I have been foraging for distractions from anxiety while under lockdown. I have come across some oddities and marvels in our own backyard to share on naturebackin.

Bubble-blowing flies seem to me to be both odd and marvellous. Most but not all species of flies do this as well as other types of insects including some species of wasps and bees. Though it looks like bubble-blowing, the flies are rather engaging in the regurgitation of droplets of fluid. A droplet, which may be clear or opaque, appears at the end of the fly’s proboscis (tongue). If watched for long enough, very slowly the fly appears to suck in and then regurgitate the fluid several times in succession.

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This fly, possibly one of the Tachinid flies, is stationary on a petal of a wild iris (Dietes grandiflora) while it bubbles a fluid droplet

So why do flies do this? It is not entirely certain why, but it has long been thought that it is most likely related to the digestive system and/or to do with thermoregulation.

The findings of several investigations into this bubbling behaviour in flies is summarised in the 2019 article referenced below. So for example, in addition to droplet regurgitation being thought to be a mechanism to evaporate excess water from liquid food or as a thermoregulatory mechanism, it has also been suggested that it might be a mechanism for getting rid of toxic substances. It might also be part of complex interactions between plants and insects. In fruit flies there is evidence that it might be to do with the production of sexual pheromones in males to attract potential mates.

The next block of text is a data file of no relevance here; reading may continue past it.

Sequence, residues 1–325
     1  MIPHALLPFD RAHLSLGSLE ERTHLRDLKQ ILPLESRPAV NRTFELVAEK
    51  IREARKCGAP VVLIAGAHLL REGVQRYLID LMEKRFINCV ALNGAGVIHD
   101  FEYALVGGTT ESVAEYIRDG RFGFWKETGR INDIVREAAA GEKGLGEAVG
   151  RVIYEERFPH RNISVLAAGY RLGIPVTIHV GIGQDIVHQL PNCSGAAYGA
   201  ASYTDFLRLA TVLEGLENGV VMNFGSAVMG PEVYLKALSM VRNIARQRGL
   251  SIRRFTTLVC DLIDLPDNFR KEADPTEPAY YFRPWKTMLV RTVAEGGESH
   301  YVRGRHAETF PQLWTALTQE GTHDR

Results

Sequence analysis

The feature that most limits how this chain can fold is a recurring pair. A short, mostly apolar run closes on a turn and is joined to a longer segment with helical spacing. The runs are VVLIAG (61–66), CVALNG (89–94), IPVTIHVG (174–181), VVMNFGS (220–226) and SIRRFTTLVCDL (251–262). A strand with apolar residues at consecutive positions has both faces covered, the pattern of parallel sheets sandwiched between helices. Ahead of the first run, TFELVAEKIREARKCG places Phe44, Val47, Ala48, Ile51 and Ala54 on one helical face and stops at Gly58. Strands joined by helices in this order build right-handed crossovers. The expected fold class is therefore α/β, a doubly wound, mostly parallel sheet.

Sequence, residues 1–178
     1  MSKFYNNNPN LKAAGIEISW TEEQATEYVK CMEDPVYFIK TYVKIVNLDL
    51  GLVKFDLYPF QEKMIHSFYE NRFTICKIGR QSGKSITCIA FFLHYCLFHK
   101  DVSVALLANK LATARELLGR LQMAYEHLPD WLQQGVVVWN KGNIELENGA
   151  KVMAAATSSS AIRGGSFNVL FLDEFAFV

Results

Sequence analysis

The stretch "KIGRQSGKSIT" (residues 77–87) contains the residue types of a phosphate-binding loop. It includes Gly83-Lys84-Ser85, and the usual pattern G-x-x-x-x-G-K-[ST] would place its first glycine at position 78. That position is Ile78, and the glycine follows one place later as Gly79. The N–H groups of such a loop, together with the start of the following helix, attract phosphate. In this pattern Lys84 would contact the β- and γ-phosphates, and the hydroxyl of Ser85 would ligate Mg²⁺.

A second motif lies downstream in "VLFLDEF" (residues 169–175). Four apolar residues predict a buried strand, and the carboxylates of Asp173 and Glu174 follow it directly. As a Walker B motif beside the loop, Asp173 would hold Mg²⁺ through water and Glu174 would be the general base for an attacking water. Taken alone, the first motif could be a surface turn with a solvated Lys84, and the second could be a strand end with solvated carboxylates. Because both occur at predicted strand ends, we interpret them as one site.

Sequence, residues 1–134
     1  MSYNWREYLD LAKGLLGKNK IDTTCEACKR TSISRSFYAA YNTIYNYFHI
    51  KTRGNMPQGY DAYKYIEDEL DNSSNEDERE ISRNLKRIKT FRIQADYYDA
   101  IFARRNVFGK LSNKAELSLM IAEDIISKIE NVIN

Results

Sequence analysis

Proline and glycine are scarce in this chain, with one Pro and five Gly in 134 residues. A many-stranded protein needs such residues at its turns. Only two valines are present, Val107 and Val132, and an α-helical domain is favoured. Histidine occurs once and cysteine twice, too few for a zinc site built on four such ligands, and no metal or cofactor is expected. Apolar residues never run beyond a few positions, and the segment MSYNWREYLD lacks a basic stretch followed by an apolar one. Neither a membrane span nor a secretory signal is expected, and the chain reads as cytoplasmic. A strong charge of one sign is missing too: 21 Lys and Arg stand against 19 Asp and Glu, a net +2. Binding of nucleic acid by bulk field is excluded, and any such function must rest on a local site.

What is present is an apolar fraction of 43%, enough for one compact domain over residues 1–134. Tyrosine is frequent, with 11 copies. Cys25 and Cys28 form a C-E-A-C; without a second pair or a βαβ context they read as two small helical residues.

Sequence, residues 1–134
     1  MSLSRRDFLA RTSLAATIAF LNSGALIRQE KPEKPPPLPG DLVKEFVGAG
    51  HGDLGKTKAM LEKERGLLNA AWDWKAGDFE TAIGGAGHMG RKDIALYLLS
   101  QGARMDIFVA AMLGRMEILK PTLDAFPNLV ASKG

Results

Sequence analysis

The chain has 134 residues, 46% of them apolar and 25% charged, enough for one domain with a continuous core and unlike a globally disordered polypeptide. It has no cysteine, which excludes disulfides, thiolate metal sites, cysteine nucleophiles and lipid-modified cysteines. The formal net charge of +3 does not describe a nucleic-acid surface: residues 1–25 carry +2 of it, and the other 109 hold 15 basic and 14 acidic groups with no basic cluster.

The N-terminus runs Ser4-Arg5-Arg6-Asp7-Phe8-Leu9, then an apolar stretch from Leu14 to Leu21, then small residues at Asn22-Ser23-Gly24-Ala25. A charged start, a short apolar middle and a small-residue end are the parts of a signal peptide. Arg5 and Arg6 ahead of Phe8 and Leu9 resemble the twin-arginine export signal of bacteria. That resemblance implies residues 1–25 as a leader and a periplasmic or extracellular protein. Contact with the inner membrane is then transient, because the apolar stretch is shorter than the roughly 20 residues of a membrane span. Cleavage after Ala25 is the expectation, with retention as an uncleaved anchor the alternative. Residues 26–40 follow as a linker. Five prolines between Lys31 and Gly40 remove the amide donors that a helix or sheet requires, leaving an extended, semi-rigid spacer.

Tachinid fly on a flower of a wild iris (Dietes grandiflora)

After a while this fly stopped the bubble-blowing process and proceeded to spend some time apparently cleaning its forelegs and face before flying away

Tachinid flies are of medium size and are usually quite bristly. The adults feed on nectar and play a significant role as pollinators. They lay their eggs on or near a variety of host species of insects and centipedes where the larvae become internal parasites feeding on their hosts from within. Because their hosts include caterpillars, beetles, grasshoppers and other insects that can be pests to many agricultural crops, Tachinid flies are important as biological pest controllers for agriculture (as well as for gardens).

A flesh fly blowing an opaque red fluid bubble.

Another fly that is bubble-blowing in the garden. The droplet that this one is regurgitating is opaque and ruby-red in colour

At first I thought that this fly was likely to be another Tachinid, but because of its red eyes and striped thorax, I think that it is one of the flesh flies in the Sarcophagidae family. These flies feed on decaying organic matter, including animal corpses, as well as on faeces, where the female flies deposit live larvae (maggots). The maggots’ superfast eating habits contribute to getting rid of rotting matter, and like other fly and beetle species that utilise carrion, they are beneficial members of nature’s clean-up crews.